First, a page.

After tomato, peas prices hit the roof, selling at Rs 160/kg
Spiralling prices of essential commodities, mainly green vegetables have driven many items off the dining table.
People belonging to the low and middle income groups have been hit hard as prices of most items have registered two to three folds hike. Amid soaring trends, there is no respite as traders of various mandis of Delhi-NCR claim more increase in the coming weeks due to huge shortage in supply.
After potatoes, onions and tomatoes, prices of peas have touched all-time high in retail market and is selling above Rs 160 per kg. Owing to poor supply from neighbouring states, other green vegetables have also left Delhiites in trouble these days.
The rates have shot up in the wholesale and retail markets as supply has gone down due to unprecedented rain in vegetable producing states. More increase in prices in the coming days have been predicted because rains have washed away crops and fresh arrivals will be ensured only after a period of 45 days. The vegetable sellers of retail markets said that due to the stoppage of supply from neighbouring states like Haryana, Himachal Pradesh, Punjab, Rajasthan, Uttarakhand and Western Uttar Pradesh, supply from wholesale markets has reduced to 50 per cent while rates have doubled. South Delhi is the worst affected area till now.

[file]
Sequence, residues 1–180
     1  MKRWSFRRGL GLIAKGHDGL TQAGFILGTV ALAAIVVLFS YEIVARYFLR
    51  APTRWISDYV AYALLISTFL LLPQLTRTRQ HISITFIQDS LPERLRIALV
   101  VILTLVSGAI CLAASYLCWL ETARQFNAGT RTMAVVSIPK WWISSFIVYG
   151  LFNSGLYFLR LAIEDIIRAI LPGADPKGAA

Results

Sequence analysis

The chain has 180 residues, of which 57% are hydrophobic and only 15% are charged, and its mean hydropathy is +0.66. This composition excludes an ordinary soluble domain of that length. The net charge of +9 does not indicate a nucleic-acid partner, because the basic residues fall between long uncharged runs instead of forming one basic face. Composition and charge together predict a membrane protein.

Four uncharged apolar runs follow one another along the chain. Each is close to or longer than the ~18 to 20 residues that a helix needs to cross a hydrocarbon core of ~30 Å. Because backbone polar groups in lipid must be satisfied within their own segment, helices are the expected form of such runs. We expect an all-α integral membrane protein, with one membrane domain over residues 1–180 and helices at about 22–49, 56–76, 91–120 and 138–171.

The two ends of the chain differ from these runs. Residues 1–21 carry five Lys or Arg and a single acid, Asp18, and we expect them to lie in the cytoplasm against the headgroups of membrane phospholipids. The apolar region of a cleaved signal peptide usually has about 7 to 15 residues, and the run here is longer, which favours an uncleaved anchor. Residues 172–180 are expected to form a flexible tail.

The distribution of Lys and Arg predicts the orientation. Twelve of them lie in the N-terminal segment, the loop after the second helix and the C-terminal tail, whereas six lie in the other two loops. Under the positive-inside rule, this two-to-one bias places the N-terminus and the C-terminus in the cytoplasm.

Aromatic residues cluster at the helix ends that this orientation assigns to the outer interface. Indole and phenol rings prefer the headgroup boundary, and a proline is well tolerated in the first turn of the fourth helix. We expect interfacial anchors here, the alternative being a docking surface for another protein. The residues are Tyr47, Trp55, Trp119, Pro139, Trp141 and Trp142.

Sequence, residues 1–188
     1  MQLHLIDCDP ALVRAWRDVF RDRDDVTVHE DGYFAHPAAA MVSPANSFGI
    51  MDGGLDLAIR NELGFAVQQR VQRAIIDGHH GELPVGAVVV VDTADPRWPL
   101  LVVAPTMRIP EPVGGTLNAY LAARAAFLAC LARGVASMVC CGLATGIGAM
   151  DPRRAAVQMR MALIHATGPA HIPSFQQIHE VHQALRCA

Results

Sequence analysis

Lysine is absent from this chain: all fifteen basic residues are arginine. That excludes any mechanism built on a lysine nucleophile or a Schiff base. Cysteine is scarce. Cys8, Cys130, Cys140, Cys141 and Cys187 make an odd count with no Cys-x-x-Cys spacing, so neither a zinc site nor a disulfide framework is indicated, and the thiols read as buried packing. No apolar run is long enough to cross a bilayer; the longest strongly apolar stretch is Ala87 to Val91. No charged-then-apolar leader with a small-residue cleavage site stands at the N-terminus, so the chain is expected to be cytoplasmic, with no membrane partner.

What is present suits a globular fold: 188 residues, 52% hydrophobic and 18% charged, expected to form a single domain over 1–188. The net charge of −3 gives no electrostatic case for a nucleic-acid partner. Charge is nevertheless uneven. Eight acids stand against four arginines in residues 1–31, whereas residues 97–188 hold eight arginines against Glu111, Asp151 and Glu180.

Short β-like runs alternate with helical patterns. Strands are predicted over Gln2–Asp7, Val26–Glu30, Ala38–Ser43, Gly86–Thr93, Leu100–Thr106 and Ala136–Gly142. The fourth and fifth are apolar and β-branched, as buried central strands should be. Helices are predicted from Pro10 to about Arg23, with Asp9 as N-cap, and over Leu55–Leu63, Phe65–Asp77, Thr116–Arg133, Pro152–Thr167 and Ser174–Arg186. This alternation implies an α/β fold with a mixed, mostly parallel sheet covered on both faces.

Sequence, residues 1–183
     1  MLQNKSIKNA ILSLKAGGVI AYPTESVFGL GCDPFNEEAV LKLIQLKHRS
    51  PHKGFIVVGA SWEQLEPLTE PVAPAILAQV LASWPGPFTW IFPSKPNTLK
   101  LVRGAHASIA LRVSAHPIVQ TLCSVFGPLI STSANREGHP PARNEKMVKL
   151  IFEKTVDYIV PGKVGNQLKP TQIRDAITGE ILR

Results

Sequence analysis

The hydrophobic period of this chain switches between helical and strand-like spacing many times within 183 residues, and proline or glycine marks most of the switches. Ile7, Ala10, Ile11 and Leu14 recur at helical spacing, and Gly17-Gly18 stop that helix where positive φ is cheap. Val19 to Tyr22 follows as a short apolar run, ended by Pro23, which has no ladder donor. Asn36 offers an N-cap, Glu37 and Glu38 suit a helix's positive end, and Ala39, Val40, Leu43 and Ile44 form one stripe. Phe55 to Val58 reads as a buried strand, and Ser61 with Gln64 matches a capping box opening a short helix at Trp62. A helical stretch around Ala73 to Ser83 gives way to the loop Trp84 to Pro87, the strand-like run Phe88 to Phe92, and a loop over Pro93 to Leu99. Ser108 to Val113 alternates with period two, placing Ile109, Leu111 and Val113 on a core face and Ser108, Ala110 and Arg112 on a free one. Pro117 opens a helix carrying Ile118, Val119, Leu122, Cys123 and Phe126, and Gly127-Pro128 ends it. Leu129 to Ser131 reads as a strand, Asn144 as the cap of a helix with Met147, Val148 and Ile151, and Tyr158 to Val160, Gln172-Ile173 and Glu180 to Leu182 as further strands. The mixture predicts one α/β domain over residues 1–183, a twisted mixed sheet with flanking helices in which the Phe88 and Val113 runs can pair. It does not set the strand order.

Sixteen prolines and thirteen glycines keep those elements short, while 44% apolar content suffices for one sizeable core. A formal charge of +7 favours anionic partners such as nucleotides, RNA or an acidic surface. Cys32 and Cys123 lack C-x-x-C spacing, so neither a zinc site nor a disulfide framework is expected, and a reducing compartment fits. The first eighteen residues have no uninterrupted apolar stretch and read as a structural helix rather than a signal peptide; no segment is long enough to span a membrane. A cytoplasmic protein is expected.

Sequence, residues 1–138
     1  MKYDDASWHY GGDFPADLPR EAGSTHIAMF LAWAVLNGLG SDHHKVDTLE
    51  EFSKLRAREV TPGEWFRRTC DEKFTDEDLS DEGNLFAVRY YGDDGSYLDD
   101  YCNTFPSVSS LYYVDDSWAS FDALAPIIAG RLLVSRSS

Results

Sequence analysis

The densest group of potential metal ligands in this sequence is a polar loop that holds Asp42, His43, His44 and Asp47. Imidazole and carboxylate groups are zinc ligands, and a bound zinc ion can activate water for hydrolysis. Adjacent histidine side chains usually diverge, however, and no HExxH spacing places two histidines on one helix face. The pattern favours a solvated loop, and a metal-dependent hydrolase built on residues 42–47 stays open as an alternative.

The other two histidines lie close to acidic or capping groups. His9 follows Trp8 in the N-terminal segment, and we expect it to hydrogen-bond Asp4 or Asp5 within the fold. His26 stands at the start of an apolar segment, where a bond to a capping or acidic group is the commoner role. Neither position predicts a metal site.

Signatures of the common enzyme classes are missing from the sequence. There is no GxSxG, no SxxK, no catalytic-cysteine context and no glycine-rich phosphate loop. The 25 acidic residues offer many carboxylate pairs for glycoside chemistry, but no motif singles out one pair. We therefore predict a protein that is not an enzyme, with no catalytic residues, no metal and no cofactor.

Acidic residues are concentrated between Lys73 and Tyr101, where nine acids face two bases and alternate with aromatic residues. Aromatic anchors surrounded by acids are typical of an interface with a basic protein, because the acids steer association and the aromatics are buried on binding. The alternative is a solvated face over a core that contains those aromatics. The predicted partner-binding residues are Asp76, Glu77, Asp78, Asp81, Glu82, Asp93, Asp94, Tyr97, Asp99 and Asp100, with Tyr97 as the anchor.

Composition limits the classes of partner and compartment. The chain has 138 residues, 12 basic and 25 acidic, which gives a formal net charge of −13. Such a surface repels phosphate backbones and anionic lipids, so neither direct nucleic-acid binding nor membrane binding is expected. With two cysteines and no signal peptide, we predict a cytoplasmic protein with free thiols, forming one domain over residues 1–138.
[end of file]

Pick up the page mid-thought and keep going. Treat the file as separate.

While peas are available at a price of Rs 160 to Rs 180 per kg, tomatoes are being sold above Rs 70 per kg. Onion, which drew nationwide attention due to sudden spike, is still being sold at a price of Rs 50 per kg. The cheapest vegetable available now is potatoes, costing about Rs 20 per kg.
In various mandis, gourd has almost doubled in the last fortnight and is trading at Rs 30-35 per kg while cauliflowers and brinjals are available at Rs 30-45 and Rs 30-40 a kg respectively. Coriander and lemon are also being sold at something between Rs 150 and Rs 200 per kg while of cucumber has touched Rs 40 per kg mark that has almost doubled in two-week’s time. As per the report, only Safal outlets have been selling vegetables at Rs 5 to Rs 10 per kg below the market price.
Traders said that mandis of neighboring states have little quantity available for sale. Currently, vegetables are being supplied from remote areas and are being sold at high prices due to increased cost of transportation.
Apart from this, hike in diesel and petrol prices in the state have also added to the consumers’ woes. “As farmers of neighbouring states have stopped supplying vegetables to the Capital, it has led to a sudden change. In the past two weeks, prices of vegetables have almost doubled,” said Rajendra Sharma, former chairman of the Agriculture Produce Marketing Committee (APMC), Azadpur Mandi.
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